Films made by anthropologists sometimes document the making of objects. As such, they are a unique resource, although restrictions have been placed on viewing films of some ritual activity by certain cultural groups.
Museum archives contain documentation on their collections including how and when the objects came into the museums' possession. Increasing awareness of the importance of documentation about museum objects has led to the formation of archives by many museums to house and care for this material. Museum registrars have been instrumental in this activity.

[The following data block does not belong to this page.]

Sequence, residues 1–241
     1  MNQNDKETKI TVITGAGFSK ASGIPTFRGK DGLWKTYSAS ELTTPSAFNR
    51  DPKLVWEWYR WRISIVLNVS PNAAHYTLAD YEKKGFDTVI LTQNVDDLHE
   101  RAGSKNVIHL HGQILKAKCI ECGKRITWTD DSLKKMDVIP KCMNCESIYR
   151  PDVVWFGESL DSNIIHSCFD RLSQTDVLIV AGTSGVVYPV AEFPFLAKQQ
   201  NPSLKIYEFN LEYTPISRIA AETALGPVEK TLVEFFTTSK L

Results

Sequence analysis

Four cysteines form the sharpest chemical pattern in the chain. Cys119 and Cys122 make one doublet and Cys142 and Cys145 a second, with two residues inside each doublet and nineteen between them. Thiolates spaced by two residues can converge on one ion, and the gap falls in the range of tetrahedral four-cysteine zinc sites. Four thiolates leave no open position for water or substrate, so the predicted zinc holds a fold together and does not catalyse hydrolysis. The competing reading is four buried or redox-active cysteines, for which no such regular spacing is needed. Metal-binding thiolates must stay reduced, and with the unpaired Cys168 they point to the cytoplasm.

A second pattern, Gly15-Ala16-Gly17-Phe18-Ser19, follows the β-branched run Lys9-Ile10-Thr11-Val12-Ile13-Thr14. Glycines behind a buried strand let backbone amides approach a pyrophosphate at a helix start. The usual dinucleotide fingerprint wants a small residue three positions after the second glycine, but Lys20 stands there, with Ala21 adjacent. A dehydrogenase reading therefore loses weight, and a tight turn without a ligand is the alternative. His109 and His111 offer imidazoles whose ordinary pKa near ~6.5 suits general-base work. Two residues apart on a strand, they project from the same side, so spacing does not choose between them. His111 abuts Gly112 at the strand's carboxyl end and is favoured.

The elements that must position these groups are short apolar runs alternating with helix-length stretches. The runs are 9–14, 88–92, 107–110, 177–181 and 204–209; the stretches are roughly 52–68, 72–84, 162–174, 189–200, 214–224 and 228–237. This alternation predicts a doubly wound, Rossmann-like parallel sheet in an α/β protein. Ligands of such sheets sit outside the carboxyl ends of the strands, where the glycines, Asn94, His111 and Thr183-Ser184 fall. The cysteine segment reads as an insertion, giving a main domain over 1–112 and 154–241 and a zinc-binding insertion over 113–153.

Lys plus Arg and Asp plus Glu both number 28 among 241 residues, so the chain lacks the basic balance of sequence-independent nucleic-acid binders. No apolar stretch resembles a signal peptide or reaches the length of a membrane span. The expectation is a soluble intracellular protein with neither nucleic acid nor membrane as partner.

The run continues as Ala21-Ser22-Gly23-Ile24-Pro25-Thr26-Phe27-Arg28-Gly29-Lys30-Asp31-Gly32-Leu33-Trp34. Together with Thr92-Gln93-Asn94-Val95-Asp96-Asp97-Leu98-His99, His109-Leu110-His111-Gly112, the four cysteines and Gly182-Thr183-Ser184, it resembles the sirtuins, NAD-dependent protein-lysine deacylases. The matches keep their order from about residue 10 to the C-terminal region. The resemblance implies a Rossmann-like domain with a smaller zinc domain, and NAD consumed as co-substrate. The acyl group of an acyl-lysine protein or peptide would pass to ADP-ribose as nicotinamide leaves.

Industrial activity and the smaller scale manufacturing typical prior to the industrial revolution generated records of various kinds documenting manufacturing processes and products. Two categories of this type of reference material follow.
Manuscripts containing information relating to artists' techniques and industrial processes go back as far as 3000 BC and Egyptian papyri. Even after the advent of printing books of "secrets," household recipe books with information ranging from preserving food to colorfast dyes and pigments were very popular. These can provide insight into materials used and techniques of manufacturing.
Trade catalogs are an excellent source for architectural conservators concerned with the original fittings for buildings. Catalogs exist for art supplies, tools, locomotives, paints and any other conceivable product. Few of these survive, for obvious reasons, but some institutions have collections.